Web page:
They say that two is better than one—but when it comes to getting your EMBA, are two schools partnering together really a better deal?
Recent rankings might suggest that a joint EMBA truly is the best of the both worlds as these programs have, in some cases slotted higher than their component universities.
So why go with a joint EMBA over a standalone program?
Business today is a global affair. Industries—especially thanks to the international marketplace facilitated in large part by the Internet—no longer stop and end at a border crossing. If, for example, your industry depends on strong relations with Chinese manufacturing companies, you may find that a joint EMBA with one foot in Asia gives you the best advantage. Your cohort alone might provide you with networking opportunities given that you’ll find yourself surrounded with Asian professionals who are similarly seeking top-tier connections in the US.
Northwestern’s Kellogg School of Management’s joint EMBA with the Hong Kong School of Science and Technology has been a particularly successful venture and frequently ranks at the top for EMBA programs. There, the program reflects the fact that students will want advanced-level courses providing insight into Asian business culture. Offerings include courses on how to manage deals in China and Asia and how to build a strong consumer brand for a Chinese target audience.
Kellogg’s other joint international offerings tailor courses to student needs. The program’s arm in Tel Aviv provides courses in venture capital and technology company product management—mirroring the booming start up culture currently driving the Israeli economy.
Another particularly powerful partnership is the IE-Brown program. Started in 2011, the 15-month program jets between Providence, Rhode Island (home to Brown University), Madrid, Spain (home to IE) and Cape Town, South Africa. Just last year, Brown agreed to jointly furnish the EMBA—previously, participants only received a degree from IE and could not technically add “Ivy League Graduate” to their list of special accomplishments.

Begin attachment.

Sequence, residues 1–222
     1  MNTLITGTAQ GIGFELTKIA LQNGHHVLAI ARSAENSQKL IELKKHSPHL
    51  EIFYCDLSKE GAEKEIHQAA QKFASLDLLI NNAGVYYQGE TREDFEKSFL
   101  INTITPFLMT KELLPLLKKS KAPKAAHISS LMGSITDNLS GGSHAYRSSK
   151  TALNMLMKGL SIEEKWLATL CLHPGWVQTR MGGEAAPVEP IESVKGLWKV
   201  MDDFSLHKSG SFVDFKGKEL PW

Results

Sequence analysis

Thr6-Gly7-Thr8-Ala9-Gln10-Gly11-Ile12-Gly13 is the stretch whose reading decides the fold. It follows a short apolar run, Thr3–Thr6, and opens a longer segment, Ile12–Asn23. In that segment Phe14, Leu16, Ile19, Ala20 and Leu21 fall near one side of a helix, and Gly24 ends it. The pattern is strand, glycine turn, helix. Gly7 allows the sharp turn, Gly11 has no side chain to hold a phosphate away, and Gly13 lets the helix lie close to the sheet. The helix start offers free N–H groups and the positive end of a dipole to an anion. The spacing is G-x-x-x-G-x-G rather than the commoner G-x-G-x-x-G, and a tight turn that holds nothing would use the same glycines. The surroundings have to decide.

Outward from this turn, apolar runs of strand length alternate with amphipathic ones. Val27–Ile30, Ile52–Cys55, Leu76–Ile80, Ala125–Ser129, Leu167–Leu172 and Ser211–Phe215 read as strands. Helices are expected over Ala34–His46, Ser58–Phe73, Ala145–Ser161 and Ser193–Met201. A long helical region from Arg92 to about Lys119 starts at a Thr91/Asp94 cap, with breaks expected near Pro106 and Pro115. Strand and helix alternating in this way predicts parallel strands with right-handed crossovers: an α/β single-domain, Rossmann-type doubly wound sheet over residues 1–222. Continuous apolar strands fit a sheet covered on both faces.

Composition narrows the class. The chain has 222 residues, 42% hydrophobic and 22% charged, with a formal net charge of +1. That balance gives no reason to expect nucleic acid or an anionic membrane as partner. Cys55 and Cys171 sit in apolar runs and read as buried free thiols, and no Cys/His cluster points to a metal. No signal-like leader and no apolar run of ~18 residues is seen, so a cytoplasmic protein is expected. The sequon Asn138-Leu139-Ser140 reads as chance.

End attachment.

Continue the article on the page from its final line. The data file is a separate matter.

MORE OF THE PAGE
For the budget conscious, it may seem that the joint EMBA programs offer a better deal. If you’re examining tuition alone, that certainly would seem to be the case. For example, to get an EMBA at NYU’s Stern school would cost $177,800. The Stern school’s Trium EMBA that partners with HEC Paris and the London School of Economics would set you back somewhat less at $165,900. Same story at Kellogg: stick around in Chicago, you’ll pay $187,290. Head to Hong Kong with the joint EMBA, you’ll pay $161,200. UCLA Anderson’s top-ranked partnership with the National University of Singapore Business School will set you back $112,940. If you go with Anderson’s program alone, you’ll pay $70,700 per year for a total of $141,400—assuming you’re an out-of-state resident.
But, before you call the joint EMBA programs a bargain, there’s a very crucial point to keep in mind: most of those tuition costs do not include travel expenses. NYU’s Trium EMBA advises prospective students to budget up to $30,000 for additional expenses incurred while they are participating in the program. So while jetting off to Paris and London may have a certain appeal, it comes with a hefty price tag.
It’s also important to note that EMBAs are largely a mid-career executive’s game. While employers may be understanding of your choice to pursue a weekend or part-time EMBA program, seeing you fly out of reach for weeks at a time might be a different story. So too for your life at home. Unlike a college student studying abroad, a mid-career executive likely also has at-home responsibilities to his or her family or perhaps a side-business. Remembering that those obligations can come at a cost—both in terms of time and if paying for childcare if needed—can make an EMBA that you pursue locally on nights and weekends seem like a piece of cake.
In the end…
Making the choice to pursue a joint EMBA with a global footprint can be a life-altering experience. With an increasingly global marketplace, it may be vital to develop an understanding of international business. But, like most things, these programs come at a cost—both financially and in terms of your time commitments and obligations. For an executive who needs to conduct business overseas or who is looking to add value to his or her company with a global perspective, these programs might be the best option. For those who need to develop the skills learned in an EMBA program but cannot devote the travel time or costs, a standalone program still can offer more than enough in terms of career development.